Last night I was reminded I need to keep an eye on the tide. That’s the cabin in Skylark around 11 pm Tuesday night. I pulled off to the side of the ICW about 50′ from a marker to anchor. I was heading for an anchorage nearby but it was getting dark and I didn’t want to risk pulling into an unknown Creek to anchor in the dark. I pulled over and had about 7′ of water under Skylark, plenty I though. I didn’t realize the tide here is 5′. 4′ Skylark in 2′ of water and the cabin looks like that. I just forgot. No big deal except it’s pretty hard to sleep like that and I didn’t think to close the seacocks for the sink drain so the sink filled via the drain since that side of the boat was deep in the water. By the time I got out of my bunk to investigate a noise that’s sounded like running water the sink was draining into the cabin and the locker below. OK I’ll be more mindful next time.
Nothing much to report today. I wanted to go outside, to Ocean sail from the inlet near Mile Hammock Bay to Wrightsville Beach or Carolina Beach inlet but I couldn’t see any markers at the Mile Hammock Bay inlet so I stayed on the ICW. I really don’t want to take any risks, had enough adventure like that for a while. It’s slow going on the ICW. Waiting for bridges, the chanel twists and turns all around and I’m always hunting for the chanel. I can be in 17 feet of water, look away for a minute and it’s nine foot. Then I need to slow down and swing the boat from side to side to search for deeper water. The weather for the next 5 days at least isn’t good for going offshore, southerly winds all week. The other concern is which inlet to use. Some are large, we’ll marked and deep. Some are labeled on the chart as “use only with local knowledge”. The curve of the coast is perfect for jumping outside in a mostly any breeze with a northerly componen and there’s a great inlet just 20 miles south of here but I won’t go out due to the weather.
Probably the most photographed swan on the ICW.
Here’s where they hang out when they aren’t posing for pictures.
I like it.
280 mile marker.
No wind today.
Looking across Banks Chanel at Wrightsville Beach, tonight’s anchorage.
Low energy tonight but here are some photos of the ICW. Tonight I’m anchored just off the chanel at mile 187 from Norfolk.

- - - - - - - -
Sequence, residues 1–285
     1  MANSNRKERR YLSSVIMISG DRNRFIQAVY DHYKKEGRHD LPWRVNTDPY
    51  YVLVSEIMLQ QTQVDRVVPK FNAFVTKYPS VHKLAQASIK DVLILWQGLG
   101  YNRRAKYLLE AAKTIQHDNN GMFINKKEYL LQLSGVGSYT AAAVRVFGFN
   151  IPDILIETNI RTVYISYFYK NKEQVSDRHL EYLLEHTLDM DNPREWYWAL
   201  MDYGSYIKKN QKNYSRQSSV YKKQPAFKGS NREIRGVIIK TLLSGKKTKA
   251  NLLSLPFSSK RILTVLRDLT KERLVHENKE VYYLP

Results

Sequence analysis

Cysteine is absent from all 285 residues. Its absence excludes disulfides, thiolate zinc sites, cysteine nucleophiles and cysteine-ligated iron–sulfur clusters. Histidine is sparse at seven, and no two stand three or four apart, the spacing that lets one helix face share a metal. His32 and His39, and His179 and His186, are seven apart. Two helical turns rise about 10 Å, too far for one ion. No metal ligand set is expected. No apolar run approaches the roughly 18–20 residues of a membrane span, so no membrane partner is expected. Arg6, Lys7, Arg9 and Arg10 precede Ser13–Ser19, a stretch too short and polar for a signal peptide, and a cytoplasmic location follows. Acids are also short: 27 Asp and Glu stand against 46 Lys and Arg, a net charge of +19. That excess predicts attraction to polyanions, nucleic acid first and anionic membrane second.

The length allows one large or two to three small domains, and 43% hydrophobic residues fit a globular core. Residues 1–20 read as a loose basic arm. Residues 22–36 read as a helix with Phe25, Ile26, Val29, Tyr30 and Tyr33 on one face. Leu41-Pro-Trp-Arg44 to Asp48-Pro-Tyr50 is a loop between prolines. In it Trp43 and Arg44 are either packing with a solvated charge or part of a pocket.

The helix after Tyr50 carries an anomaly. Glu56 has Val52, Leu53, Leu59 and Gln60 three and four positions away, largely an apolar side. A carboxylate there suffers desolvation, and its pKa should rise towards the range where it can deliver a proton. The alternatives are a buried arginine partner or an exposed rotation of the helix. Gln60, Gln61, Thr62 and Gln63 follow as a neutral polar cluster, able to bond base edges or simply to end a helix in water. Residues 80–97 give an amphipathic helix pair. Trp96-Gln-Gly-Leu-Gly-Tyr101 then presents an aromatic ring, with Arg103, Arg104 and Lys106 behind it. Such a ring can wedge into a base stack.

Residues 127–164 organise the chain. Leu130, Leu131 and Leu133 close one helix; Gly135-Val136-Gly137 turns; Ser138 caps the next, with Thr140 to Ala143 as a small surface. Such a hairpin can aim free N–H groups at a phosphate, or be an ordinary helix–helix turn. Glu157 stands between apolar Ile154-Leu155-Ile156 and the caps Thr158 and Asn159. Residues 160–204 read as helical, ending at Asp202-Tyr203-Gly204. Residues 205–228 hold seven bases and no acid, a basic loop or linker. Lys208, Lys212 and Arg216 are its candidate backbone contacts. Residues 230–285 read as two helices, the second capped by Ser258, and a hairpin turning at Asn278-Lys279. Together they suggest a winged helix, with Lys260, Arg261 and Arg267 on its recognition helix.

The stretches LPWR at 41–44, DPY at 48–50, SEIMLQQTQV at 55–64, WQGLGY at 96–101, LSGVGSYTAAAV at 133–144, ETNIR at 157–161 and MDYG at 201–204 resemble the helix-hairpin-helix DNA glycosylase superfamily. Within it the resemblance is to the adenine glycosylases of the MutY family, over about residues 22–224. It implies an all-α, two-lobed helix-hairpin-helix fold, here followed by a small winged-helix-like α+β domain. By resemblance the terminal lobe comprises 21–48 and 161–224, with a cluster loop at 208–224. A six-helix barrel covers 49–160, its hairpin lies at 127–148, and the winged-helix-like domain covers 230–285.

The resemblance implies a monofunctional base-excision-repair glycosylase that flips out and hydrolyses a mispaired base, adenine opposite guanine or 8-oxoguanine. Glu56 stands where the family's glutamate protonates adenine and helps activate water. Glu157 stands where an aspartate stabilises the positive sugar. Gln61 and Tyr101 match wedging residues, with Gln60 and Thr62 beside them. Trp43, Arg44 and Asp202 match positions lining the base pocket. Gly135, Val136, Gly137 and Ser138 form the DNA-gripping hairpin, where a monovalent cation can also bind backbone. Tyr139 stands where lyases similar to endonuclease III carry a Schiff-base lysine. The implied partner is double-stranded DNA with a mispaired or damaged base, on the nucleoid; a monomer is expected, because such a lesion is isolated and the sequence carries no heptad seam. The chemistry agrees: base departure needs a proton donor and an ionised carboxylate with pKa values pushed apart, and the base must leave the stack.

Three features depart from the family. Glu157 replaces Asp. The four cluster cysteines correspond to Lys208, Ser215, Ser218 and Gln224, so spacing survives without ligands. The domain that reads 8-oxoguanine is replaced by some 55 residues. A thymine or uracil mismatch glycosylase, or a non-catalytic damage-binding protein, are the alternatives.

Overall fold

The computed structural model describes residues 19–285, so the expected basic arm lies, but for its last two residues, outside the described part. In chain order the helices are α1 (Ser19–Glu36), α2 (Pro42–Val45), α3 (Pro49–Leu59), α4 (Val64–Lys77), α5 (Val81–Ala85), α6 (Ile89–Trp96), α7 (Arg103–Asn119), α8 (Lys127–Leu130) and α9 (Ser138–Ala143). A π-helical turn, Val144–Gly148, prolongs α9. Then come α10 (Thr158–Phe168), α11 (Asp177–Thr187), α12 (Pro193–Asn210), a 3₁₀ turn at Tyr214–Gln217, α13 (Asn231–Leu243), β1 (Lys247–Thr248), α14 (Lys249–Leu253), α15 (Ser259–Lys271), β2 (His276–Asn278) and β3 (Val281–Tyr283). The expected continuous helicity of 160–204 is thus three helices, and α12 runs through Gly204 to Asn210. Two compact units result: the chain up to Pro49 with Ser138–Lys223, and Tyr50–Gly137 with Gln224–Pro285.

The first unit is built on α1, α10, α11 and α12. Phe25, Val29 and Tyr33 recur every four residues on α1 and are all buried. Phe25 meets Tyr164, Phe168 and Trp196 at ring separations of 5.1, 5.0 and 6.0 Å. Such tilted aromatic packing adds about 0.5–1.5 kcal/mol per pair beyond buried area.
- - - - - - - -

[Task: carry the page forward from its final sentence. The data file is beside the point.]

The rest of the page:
Taken a few miles into the ICW. I actually ran aground here looking for a spot to anchor.
Sunset at Bear Point.
Punto – Alligator River canal.
It’s beautiful down here.
Alligator River swing bridge.
Sailing the ICW. It was blowing 20 knots today.
There’s so much to talk about, it’s been so long since I’ve posted. I’m on the ICW in North Carolina now and I’ll tell you all about it. This was supposed to be an adventure and it certainly has been!
In the previous post I described Skylark on the beach south of Ocean City, MD. Jim and Mark, two fish & wildlife officers, helped out a lot, we waited to see if Skylark would float off at the evening tide but she did not. They gave me a ride to a local motel and picked me up at 6AM to get back to Skylark for the morning high tide. As we were driving down the beach we saw a guy walking with a bag of gear in the direction of the boat. We stopped and sure enough he had read my friend Tom’s Facebook post about Skylark being on the beach. This guy had driven all the way from New Jersey just to try and help. I never met this man before and was quite surprised when he slathered on his wet suit and dove into the surf to try to kedge Skylark off. Mike, you are amazing, thank you. Later that day Mike and the officers retrieved Skylark’s anchor and Mike delivered it to Ocean City where Skylark had been towed.
The tow back to Ocean City.
So what happened? I really should have known better but I followed the chart. I thought I had plenty of water depth but I hit a shoal, couldn’t get off and the surf dragged me to the beach. The area is prone to shifting shoals, bars and shoreline and I had seen evidence of this while trying to anchor just south of Ocean City. I saw the surf, knew I didn’t want to be there but before I could turn around the depth went from 13 to 6 and bang Skylark was on the ground. Just like that. I KNEW I could sail off but all I could do was keep the boat pointed away from shore but still being dragged back. At this point there were two things I might have done to improve the outcome. First, I could have dropped an anchor right there. I didn’t as I never thought I’d end up on the beach. Second, I didn’t use the engine as I was afraid I’d suck sand into the raw water pump. Sure would have been less damage than what happened. Also I made the mistake of thinking someone would come help before I landed on the beach. Either the Coast Guard or Towboat US. After three hours on the radio with the Coast Guard during which time they sent a cutter and a helicopter, I was told I needed to find a commercial tow company to pull me off. Way too late for that….
Anyway Towboat couldn’t come that night so the boat spent the night in the surf and they pulled it off in the morning. They used a jetski to shuttle the tow line from the towboat to Skylark.
I didn’t see any other option except to have Skylark towed off. There was a forecast of high winds and seas and I didn’t think Skylark would survive. After one night she was beat up pretty bad so I still feel I made the correct decision. Perhaps it would have been possible to kedge off in succesive tides but I just didn’t see it happening. I also knew she was bouncing on the rudder for many hours and that meant the steering was suspect. Even if I got yhe boat off the beach I’d be in rough seas in a questionable boat. Not smart.
The rudder shaft was twisted.
Anchor platform broken, one of the whisker stays was chafed through by the anchor chain too.